Maximus walked over to her and put his hand on her shoulder. “Want some help getting through the trees?”

She brushed off his hand. “Do I look like an invalid to you, white boy?”

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I almost laughed at his taken aback expression. He ran his hand through his red hair and gave us a shrug. She began to walk again, quicker, as if to prove she wasn’t an invalid. Not that we doubted that anyway.

I limped after her, the boys following.

“But if he’s a medicine man, can’t he heal himself?” I asked innocently.

Sarah laughed. “You really know nothing about the Navajo, do you? A healer cannot heal himself. He must find another medicine man to do that.”

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She sounded quite grave but her tone became more flippant when she added, “Anyway, it’s nothing that some Aspirin won’t fix. Maybe tomorrow you can have a talk with him about this medicine man stuff. I’m sure he would love to enlighten you all.”

We followed her to the house in silence but came to a halt outside the door. After she went inside, I turned to the guys and told them I was starving.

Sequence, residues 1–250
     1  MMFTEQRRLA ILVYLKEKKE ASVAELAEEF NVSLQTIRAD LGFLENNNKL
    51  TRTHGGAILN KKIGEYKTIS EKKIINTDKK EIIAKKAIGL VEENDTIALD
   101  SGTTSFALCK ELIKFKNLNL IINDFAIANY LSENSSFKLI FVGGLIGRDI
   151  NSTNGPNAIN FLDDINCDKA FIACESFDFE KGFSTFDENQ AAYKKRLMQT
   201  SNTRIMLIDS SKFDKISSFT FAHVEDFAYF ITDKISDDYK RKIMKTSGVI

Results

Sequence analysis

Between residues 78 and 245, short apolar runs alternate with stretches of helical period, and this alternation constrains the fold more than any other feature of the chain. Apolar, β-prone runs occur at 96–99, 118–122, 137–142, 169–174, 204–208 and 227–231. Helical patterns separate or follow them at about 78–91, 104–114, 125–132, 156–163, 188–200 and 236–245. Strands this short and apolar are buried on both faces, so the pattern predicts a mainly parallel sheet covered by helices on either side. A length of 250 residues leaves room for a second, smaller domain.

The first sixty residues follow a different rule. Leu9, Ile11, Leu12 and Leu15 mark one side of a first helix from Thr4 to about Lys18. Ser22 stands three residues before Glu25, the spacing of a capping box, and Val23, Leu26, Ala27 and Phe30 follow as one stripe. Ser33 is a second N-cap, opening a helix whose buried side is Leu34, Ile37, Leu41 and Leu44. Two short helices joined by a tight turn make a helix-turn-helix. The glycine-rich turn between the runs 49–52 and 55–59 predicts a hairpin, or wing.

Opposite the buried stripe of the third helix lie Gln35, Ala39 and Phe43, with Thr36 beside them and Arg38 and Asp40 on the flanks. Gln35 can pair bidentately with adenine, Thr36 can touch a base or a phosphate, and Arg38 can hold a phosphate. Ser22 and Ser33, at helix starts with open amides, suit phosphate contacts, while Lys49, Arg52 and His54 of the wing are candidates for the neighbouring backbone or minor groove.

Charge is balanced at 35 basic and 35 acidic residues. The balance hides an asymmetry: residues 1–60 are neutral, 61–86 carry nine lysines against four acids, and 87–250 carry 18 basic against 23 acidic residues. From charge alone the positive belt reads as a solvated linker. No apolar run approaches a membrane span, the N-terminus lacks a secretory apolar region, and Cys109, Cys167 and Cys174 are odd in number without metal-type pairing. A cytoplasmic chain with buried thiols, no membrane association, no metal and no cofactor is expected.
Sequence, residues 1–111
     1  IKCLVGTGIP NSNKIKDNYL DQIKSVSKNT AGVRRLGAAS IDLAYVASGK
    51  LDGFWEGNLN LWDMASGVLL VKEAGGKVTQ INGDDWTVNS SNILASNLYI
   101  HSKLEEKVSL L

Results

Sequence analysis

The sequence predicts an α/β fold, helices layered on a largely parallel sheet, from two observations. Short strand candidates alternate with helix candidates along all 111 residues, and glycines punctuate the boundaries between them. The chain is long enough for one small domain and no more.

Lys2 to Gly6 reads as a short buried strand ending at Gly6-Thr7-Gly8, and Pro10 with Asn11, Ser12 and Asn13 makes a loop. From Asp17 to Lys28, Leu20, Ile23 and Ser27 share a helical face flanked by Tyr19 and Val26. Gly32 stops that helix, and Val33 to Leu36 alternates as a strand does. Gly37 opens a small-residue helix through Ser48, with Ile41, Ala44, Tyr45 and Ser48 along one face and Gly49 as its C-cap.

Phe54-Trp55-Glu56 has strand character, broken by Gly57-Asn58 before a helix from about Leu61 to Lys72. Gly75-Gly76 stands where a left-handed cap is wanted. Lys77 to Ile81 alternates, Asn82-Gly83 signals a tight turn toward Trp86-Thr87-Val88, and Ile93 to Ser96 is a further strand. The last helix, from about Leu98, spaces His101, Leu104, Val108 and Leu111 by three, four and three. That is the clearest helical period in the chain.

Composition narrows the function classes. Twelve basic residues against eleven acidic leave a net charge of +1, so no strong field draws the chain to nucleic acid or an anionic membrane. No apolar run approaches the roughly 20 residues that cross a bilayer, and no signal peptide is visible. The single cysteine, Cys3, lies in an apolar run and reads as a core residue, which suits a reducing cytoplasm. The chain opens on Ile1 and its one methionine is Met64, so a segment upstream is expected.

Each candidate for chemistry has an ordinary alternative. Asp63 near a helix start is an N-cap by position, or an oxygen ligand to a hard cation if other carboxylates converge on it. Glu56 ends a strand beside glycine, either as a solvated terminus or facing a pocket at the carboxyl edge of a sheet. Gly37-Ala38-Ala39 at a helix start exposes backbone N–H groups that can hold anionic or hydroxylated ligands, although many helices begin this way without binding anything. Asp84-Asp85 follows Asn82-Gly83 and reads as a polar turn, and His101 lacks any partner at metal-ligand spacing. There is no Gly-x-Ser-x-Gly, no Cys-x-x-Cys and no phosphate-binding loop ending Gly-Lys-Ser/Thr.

And I did not want to eat lunch in the house. I wanted to get out of there for a bit.

Maximus nodded and headed up the stairs. “I’ll just tell them we are getting lunch in town before they start making us stuff.”

I looked at Dex.

“Need anything from inside. Books, perhaps?”

He shook his head No and walked over to the Jeep. “There’s a few books in here I got from the library while you were out on your little, uh, hike. I think we’re going to want to read them. As soon as possible.”

We ended up driving a little ways out of town, to one of the gas stations on the outskirts that doubled as a greasy spoon diner.

We piled into a small booth, Maximus squished up against me, and quickly ordered our food from the indifferent waitress before getting down to business. She didn’t even bat an eye at my bandaged hands.

After she brought us our much-needed meals, Dex had the books out and pushed one of them towards us.

“I think this is what we are dealing with here,” he said, eyeing the book. He glanced at me quickly and then looked away, giving the impression that though he was serious, he was still a bit apprehensive of what I might think.